1 Billion Acres At Risk For Catastrophic Wildfires, U.S. Forest Service Warns
BY KIRK SIEGLER
The chief of the U.S. Forest Service is warning that a billion acres of land across America are at risk of catastrophic wildfires like last fall’s deadly Camp Fire that destroyed most of Paradise, Calif.
As we head into summer, with smoke already drifting into the Northwest from wildfires in Alberta, Canada, Vicki Christiansen said wildfires are now a year-round phenomenon. She pointed to the hazardous conditions in forests that result from a history of suppression of wildfires, rampant home development in high-risk places and the changing climate.
“When you look nationwide there’s not any place that we’re really at a fire season. Fire season is not an appropriate term anymore,” Christiansen said in an interview with NPR at the agency’s headquarters in Washington.
Christiansen’s agency is the nation’s lead firefighting apparatus. It’s trying to prioritize treatments such as thinning, brush clearing and prescribed burning on 80 million acres of its own land, mostly in the West. (Her billion acre estimate includes land across multiple federal, state and local jurisdictions as well as private land.)
“Our national priority is to improve the condition of our nation’s forests and grasslands,” Christiansen said.
In line with a controversial Trump administration executive order pushing for “active forest management,” the agency was directed to treat 3.5 million acres this year alone, though it’s behind target because of weather and administrative holdups. Part of the administration policy has also included an attempt to ramp up commercial logging on federal lands, an objective that conservation groups say will not reduce fire risk, unlike clearing of the smaller diameter wood that the timber industry has so far found little market for.
Christiansen defends what she calls an all-of-the-above approach.
“We are certainly focused on the timber outputs, but that is only one of the critical measures,” she says. “We are tracking with laser focus our hazardous fuels reduction and our watershed health and restoration as well.”
Christiansen’s comments follow one of the worst wildfire seasons in U.S. history last year. Wildfires in Northern California destroyed parts of whole cities and killed nearly 100 people.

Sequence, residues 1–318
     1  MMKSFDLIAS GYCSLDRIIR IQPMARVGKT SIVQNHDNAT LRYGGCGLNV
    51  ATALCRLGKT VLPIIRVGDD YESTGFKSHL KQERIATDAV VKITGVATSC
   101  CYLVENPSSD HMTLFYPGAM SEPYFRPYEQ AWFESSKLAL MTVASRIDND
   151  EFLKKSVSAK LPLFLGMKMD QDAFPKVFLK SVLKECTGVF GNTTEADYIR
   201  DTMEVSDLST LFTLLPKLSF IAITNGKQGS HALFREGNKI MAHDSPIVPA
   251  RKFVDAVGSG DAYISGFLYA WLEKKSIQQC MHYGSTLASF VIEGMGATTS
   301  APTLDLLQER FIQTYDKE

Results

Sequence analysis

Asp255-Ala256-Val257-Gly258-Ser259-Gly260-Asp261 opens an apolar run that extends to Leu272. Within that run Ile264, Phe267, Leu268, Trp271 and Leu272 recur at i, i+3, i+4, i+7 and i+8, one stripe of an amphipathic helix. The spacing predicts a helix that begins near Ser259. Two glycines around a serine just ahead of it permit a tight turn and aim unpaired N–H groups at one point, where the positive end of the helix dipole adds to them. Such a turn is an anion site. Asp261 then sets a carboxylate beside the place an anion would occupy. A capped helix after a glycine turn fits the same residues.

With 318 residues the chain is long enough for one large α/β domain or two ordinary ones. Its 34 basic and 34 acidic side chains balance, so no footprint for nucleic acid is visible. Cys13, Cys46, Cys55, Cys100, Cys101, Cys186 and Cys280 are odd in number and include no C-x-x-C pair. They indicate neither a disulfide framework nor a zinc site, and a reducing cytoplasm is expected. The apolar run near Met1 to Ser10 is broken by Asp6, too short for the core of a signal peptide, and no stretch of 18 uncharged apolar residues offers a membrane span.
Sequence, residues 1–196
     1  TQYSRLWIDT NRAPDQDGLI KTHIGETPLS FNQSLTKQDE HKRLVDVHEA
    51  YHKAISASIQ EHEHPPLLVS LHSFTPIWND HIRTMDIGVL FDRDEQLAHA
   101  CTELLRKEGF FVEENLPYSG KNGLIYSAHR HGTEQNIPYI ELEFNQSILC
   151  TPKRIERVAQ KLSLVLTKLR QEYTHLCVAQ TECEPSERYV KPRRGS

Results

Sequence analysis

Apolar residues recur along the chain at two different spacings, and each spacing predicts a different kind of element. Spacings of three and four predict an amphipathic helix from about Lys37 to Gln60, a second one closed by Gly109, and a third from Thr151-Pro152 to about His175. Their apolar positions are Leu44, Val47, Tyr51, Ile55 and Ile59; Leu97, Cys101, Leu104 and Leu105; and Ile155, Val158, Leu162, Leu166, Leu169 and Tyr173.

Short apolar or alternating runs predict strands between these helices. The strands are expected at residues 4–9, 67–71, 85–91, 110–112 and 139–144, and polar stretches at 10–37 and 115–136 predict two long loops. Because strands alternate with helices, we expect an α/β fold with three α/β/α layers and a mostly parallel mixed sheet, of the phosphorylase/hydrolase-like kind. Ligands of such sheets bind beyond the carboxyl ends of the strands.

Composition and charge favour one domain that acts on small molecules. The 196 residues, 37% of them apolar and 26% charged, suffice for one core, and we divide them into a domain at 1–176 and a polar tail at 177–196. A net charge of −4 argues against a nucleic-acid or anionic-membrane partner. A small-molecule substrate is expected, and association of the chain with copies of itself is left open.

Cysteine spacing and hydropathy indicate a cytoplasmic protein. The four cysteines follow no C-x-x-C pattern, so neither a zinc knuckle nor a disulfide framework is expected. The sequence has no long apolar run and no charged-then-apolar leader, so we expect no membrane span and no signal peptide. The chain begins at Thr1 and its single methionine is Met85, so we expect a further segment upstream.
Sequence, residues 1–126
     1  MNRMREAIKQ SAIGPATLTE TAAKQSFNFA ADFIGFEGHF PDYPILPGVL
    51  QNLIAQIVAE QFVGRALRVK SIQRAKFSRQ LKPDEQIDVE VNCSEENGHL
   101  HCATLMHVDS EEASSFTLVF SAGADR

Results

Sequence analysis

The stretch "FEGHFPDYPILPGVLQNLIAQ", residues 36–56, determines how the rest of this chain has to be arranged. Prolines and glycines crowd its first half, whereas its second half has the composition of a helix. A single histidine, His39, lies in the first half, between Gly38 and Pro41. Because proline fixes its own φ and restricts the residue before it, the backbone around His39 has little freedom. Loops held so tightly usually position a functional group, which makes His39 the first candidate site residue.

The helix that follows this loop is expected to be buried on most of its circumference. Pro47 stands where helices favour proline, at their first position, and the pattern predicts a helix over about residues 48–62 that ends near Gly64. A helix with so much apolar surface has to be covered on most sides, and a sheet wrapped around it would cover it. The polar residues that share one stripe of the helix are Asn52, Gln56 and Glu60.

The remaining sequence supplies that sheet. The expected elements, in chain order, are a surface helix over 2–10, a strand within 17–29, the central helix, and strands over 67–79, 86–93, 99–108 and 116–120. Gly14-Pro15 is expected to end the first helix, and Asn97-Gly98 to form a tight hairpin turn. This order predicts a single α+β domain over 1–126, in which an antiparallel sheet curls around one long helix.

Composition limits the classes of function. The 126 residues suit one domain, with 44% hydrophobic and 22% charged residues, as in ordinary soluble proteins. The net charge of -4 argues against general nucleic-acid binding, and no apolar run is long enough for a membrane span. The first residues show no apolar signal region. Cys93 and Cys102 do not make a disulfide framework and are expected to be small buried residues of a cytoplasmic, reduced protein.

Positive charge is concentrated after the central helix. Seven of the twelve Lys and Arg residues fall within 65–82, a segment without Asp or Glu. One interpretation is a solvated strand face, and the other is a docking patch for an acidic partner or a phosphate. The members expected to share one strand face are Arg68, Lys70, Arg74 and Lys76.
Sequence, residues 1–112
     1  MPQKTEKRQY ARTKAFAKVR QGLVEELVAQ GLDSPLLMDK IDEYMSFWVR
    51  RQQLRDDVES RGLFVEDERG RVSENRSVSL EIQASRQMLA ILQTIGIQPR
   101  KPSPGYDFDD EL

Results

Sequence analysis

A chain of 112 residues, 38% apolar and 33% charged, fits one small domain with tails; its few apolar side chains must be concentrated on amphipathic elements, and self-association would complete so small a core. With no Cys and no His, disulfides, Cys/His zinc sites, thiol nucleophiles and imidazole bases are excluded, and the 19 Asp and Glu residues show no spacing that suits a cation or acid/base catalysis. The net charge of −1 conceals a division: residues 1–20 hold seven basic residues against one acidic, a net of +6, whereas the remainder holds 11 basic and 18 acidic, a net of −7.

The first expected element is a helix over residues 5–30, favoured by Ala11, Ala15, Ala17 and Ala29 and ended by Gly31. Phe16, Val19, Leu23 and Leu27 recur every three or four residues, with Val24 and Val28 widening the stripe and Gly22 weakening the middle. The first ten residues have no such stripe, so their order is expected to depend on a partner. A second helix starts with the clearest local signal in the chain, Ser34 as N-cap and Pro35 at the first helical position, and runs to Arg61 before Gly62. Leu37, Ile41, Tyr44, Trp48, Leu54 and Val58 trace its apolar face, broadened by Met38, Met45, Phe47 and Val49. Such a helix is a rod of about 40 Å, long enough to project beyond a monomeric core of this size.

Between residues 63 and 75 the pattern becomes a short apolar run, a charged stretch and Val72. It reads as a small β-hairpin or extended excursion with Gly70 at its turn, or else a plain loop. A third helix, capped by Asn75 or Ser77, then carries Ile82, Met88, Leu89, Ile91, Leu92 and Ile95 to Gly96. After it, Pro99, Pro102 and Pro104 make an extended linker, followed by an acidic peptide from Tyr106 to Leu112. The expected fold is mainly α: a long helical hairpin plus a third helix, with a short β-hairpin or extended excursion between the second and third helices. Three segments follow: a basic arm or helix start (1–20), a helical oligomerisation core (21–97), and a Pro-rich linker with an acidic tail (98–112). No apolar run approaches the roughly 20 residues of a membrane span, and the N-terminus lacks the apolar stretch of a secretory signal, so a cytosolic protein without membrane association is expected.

Even with the push for more mitigation under Christiansen, the Forest Service is predicting it could spend upward of $2.5 billion just fighting fires this year alone. The agency was budgeted $1.7 billion and will likely again have to transfer money from existing forest management and fire mitigation programs to cover the difference, a paradoxical problem that won’t end until reforms kick in next year.
Copyright 2019 NPR. To see more, visit npr.org
Biochar produced by C6 Forest to Farm. CREDIT: Tom McCoy. Listen BY LAUREN GALLUP Fire scorching the forests of the Methow Valley in North Central… Continue Reading How Residents In The Methow Valley Are Hoping To Prevent Wildfire By Creating BioChar
As wildfires have burned throughout the Northwest this summer, some forest stands have fared better than others. Managers say that’s thanks, in part, to thinning and prescribed burns, which have made the stands more resilient in the face of wildfire. Continue Reading In North Central Washington, Forest Thinning, Controlled Burns Help Slow Wildfire
This year in north-central Washington has echoes of 2015, when the complex of fires across Okanogan County burned tens of thousands of acres on the reservation, closer to Omak, and shut down Highway 155 across the reservation for long stretches. What was true then is very possible now: The fires took out a lot of timber that the tribes harvest and use for revenue. Continue Reading Echoes Of 2015 As Fires Burn Across Okanogan County, Force Evacuations In Nespelem